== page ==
Top Inshore Five

It's very difficult to list your top five favorite inshore saltwater fish. As for me, I enjoy catching every fish. Some obviously more than others! If I was forced at gunpoint to pick my top five Florida fish this would be them. At least for today.  I may even have to rewrite this blog in a few hours from now!  But here we go!  

1. Tarpon 

This one is going to be controversial as many anglers want to eat what they can catch. Don't get me wrong there is nothing like eating your catch the same day as you catch it. But.... its a megalops!  Come on people!  The amazing feats of strength, the bow to the king, the epic stories, the pure size!  Nothing gets me excited for fishing like the annual tarpon run!  

2. Snook

The number two/three spot was a challenge for me and if anyone switches these, I completely get it! I may even switch these tomorrow.  Snook are amazing!  They get large and in charge, also delicious, have some attitude, and those lines. 

3. Redfish

The number three spot is a bit tougher for me! I haven't lived any further south than Melbourne, FL, so permit and bonefish are excluded just because of my limited experience. A few reasons redfish are in my number two spot.  They are delicious! They get large! They are amazing for sight fishing! Those tails!  Come on!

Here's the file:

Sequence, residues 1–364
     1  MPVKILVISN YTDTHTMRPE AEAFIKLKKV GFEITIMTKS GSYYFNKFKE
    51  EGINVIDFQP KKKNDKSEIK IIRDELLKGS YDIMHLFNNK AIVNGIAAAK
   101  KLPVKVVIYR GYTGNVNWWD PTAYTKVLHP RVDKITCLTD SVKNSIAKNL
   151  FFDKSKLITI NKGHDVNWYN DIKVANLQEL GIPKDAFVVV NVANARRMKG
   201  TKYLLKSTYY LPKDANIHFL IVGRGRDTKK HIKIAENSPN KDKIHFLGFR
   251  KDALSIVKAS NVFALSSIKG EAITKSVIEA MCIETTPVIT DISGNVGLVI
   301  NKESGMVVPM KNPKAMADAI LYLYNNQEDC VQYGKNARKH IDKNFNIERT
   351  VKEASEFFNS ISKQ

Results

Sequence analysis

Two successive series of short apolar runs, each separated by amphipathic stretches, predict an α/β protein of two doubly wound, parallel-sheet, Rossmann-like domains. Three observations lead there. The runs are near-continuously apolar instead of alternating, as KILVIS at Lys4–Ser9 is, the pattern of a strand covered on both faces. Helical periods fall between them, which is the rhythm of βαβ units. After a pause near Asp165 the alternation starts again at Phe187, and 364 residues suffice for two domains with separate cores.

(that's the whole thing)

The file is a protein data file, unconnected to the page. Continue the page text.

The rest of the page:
4. Sheepshead

This is where things get real contentious! Let's Get Ready to Rumble!!!  For those that really fish, we know that sheepshead is an amazing and underrated tasting fish! Another delicious eating fish, but the scales will dull some knives. When fishing is tough in the winter, there is nothing like anchoring up under a bridge and putting down some fiddlers. Fish on!

5. Flounder

Flounders are extremely cool fish. They would be ranked higher, but they are definitely harder to successfully target for the majority of us. I am still learning how to target them, which has always been slow rolling jigs on the grass and sandy spotted bottom. Truth is I am always learning! Rumor is they hold offshore near Tampa Bay on sandy bottoms for mating. If anyone knows where to find them and needs some help, let me know!

What's your #SHO5 ?

Some things to consider:

  • If I had easier local access to permit and bonefish, this would have made my top five much more difficult.
  • I classified cobia as an offshore fish, despite they are often caught inshore.
  • I love fishing for gator trout, but something had to give! There ferocious topwater bites may move trout up the list sometime soon!  
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